New Delhi: Education quality has deteriorated in 56 of 87 developing countries since the 1960s, including India, according to a 2022 working paper by researchers at the Centre for Global Development, a think-tank based in Washington DC.
This decades-long decline has marked a profound concern for international organisations such as the World Bank and UNESCO, which termed it a “learning crisis” in these regions. Basic literacy and numeracy skills have become increasingly elusive for students.
For instance, Indian students, when assessed on international learning standards, score on average at about the 5th percentile (bottom 5%) compared to their counterparts in advanced economies, the study noted. This is an indication of the challenges plaguing India’s education system.
One striking finding was that women in India who received five years of schooling during the 1960s exhibited better learning outcomes than those born in the 1990s. This suggested a potential decline in the quality of primary education, a disconcerting revelation from the study.
“Taken at face value, the estimates for India suggest the probability a woman with five years of schooling would become literate was nearly 100 percent for the 1960s birth cohorts, but had fallen to roughly 40 percent for the mid-1990s cohorts,” it said.
“Results from our age-period-cohort model of literacy rates reveal a picture of overall stagnation in education quality in the developing world, and fairly stable gaps in quality across countries. We find virtually no case worldwide of dramatic improvements in education quality over a fifty-year time horizon,” the study said.
However, on the brighter side, from the cohort born in the 1960’s to the cohort born in the 1990’s, women’s access to five or more years of schooling rose by 42 percentage points in South Asia.
The researchers also found evidence of a significant decline in education quality for a few large developing countries, among which India figures.
As primary education quality declines, especially in developing nations like India, one might wonder how literacy rates are still increasing. The researchers say that these countries are making up for the drop in education quality by extending the number of years students spend in school.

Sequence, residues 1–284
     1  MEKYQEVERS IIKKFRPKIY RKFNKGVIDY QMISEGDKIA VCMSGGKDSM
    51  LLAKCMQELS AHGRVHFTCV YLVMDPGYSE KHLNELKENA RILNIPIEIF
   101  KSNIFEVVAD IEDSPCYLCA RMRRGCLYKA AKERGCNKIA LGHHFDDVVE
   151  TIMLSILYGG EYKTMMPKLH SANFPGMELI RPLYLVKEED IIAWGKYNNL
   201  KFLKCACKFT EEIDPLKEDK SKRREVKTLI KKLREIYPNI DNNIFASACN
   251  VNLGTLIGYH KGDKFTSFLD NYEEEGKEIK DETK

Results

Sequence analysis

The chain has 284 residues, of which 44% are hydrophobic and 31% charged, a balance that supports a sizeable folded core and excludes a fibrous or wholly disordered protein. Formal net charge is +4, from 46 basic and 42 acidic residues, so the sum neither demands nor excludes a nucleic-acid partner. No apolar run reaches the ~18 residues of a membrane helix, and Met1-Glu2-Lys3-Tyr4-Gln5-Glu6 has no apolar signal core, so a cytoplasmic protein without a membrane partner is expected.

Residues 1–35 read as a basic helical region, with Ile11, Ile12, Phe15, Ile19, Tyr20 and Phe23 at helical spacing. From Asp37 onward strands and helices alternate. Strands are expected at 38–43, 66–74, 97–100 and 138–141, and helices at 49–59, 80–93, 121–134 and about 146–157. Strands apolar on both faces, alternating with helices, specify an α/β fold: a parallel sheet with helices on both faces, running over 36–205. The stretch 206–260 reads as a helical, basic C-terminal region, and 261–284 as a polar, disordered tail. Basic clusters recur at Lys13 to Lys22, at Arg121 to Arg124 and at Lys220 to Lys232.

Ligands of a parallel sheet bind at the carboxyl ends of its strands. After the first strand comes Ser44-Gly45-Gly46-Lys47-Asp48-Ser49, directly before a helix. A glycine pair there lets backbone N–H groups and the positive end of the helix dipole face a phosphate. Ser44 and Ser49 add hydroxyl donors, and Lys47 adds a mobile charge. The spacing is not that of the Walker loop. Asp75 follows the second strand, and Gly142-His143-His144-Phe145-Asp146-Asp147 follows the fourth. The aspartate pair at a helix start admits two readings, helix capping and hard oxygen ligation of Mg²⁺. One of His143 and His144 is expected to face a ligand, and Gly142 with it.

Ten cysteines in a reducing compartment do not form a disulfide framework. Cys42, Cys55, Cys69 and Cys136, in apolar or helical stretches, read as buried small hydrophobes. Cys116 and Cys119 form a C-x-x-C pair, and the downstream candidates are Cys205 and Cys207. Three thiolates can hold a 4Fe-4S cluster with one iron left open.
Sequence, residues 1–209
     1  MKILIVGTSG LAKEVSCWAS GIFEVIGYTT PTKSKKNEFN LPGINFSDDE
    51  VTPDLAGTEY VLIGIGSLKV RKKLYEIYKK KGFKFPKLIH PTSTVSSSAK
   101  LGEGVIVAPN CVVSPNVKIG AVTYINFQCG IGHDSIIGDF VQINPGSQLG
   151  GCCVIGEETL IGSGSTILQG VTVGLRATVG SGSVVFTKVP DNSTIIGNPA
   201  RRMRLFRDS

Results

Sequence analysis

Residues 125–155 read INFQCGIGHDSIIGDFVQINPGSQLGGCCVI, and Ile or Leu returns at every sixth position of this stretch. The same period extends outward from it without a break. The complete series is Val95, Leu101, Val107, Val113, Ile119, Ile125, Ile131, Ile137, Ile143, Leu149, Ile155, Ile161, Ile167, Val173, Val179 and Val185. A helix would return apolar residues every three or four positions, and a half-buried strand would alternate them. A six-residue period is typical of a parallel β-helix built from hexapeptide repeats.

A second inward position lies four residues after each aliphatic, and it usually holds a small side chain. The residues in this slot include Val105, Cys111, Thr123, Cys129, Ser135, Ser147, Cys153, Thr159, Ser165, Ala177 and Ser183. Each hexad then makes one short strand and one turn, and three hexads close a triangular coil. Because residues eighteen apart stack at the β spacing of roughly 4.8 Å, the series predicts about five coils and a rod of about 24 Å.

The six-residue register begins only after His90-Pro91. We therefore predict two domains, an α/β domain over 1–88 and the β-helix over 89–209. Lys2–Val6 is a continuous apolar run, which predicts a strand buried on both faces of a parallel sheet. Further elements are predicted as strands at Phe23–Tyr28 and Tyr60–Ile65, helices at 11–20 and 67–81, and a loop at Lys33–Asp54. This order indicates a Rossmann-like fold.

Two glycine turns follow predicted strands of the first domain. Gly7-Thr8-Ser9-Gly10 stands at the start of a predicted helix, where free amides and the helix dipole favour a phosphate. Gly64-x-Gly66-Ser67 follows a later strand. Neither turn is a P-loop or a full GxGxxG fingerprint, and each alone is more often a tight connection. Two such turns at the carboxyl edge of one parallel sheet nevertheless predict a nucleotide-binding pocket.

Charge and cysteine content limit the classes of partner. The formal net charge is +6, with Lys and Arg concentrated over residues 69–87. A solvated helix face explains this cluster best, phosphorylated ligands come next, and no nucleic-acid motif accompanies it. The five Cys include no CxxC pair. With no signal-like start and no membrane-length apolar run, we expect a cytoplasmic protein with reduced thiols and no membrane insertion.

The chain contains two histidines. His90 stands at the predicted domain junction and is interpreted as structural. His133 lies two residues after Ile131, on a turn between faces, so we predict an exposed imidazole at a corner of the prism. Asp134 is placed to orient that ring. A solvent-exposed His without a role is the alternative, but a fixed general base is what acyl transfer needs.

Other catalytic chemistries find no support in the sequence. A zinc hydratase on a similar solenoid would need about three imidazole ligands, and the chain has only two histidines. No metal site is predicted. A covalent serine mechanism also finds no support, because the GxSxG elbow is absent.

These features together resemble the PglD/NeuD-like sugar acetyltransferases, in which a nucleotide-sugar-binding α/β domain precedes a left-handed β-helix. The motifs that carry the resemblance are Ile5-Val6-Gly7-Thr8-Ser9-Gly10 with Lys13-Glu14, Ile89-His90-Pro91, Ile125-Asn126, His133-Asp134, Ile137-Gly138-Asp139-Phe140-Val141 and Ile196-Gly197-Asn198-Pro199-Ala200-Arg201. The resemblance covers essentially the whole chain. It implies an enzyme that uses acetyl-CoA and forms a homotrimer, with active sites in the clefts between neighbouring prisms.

“Literacy gains associated with increased schooling rates far outpaced the offsetting effect of declining quality, i.e., literacy conditional on schooling,” it stated.
“From a policy perspective, the fact that most developing countries with high (unconditional) literacy rates achieved them primarily by increasing average years of schooling rather than school quality may be instructive for lagging countries. Expanding access to schooling has produced remarkable gains in overall literacy, while not much else has,” the study added.
Age effects on literacy tend to be either flat or declining for a subset of countries – especially India, Bangladesh, and Ethiopia. Due to this, “rather than acquiring human capital in the form of literacy over their life cycle, women tend to lose it through a process of decay during their adult lifetimes,” the study mentioned.
“As we control for cohort fixed effects and age and age squared, the gap in literacy for women or men born the same year but interviewed at different dates is entirely attributed to age effects. Estimated age effects are relatively large with women expected to lose 25 percentage points of literacy between age 20 and 40 and men 20 percentage points. Since predictions of literacy at grade 5 are estimated for individuals at age 20, the model predicts that a steep downward trend in school quality between the first and the last cohorts,” it said,
It further added that analysis of raw data from the two national surveys considered for India shows that there is a drop of literacy of more than 10 percentage points between data collected in 2005/06 and data collected in 2015/16 for women born the same year.